Wider use of body armor cuts deaths in U.S. federal police forces
NEW YORK (Reuters) - The number of U.S. law enforcement officers killed in action dropped sharply last year, a trend that policing experts said reflected the increased use of body armor by police.
In 2012, 48 law enforcement officers were killed on duty, down from 72 in 2011, according to Federal Bureau of Investigation figures released on Monday. Some 90 percent of those deaths involved firearms, statistics show.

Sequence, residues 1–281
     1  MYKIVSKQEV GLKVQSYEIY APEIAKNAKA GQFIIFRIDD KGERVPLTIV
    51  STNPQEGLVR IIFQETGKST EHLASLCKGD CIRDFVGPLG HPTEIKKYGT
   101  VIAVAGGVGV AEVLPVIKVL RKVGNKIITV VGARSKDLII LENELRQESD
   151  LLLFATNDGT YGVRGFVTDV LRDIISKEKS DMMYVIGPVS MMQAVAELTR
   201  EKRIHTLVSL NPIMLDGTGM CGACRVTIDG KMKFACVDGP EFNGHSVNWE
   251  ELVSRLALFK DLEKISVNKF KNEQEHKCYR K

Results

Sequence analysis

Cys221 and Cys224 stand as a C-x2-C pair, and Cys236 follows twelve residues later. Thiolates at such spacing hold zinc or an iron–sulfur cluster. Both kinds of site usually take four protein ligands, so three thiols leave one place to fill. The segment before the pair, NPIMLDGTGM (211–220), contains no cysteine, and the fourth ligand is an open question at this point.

"There's been a sea change in the thinking on body armor" at the state and federal level, said Chuck Wexler, executive director of the Police Executive Research Forum.
In 2011, the U.S. Department of Justice began mandating the use of body armor for police departments that received certain federal grants. By late last year, 92 percent of federal law enforcement departments said they required officers to wear armor, according to surveys by the department.
In 2009, that had been the case in just 59 percent of those departments.
"In this case, policy made a difference," Wexler said.
Accidents, especially car crashes, were the second leading cause of death. In 2012, 47 officers died in accidents, down from 53 in 2011.
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